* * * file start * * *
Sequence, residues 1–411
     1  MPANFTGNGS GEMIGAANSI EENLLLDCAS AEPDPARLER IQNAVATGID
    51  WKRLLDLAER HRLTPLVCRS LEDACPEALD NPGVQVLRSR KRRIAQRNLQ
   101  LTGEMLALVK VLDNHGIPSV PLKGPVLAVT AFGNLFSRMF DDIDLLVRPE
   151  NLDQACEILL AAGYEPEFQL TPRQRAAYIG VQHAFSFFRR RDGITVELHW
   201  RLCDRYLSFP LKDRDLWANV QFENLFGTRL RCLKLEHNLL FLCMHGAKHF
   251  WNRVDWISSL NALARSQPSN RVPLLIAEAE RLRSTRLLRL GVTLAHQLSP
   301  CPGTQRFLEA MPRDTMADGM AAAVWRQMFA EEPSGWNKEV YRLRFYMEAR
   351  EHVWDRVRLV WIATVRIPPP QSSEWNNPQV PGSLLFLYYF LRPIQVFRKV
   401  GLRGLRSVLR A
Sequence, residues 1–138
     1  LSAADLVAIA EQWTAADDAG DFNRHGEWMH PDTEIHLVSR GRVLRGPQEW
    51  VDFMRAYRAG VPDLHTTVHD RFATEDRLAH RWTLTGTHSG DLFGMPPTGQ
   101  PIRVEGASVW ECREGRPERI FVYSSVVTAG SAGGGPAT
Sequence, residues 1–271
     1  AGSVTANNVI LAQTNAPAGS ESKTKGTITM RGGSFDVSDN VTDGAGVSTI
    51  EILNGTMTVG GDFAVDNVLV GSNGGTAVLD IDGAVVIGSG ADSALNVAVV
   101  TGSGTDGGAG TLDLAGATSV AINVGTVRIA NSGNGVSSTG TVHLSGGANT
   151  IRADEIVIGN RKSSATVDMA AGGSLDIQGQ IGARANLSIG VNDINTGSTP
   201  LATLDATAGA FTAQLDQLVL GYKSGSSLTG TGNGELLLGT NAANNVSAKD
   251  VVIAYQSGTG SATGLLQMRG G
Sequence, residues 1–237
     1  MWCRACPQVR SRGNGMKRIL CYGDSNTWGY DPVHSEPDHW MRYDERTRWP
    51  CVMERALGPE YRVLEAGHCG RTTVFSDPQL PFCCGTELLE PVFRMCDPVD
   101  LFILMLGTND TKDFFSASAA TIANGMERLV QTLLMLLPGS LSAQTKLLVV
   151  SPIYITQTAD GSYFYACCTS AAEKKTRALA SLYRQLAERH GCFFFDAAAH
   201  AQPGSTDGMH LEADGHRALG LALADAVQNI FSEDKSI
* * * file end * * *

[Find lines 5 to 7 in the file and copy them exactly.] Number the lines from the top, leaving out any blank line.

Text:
   151  NLDQACEILL AAGYEPEFQL TPRQRAAYIG VQHAFSFFRR RDGITVELHW
   201  RLCDRYLSFP LKDRDLWANV QFENLFGTRL RCLKLEHNLL FLCMHGAKHF
   251  WNRVDWISSL NALARSQPSN RVPLLIAEAE RLRSTRLLRL GVTLAHQLSP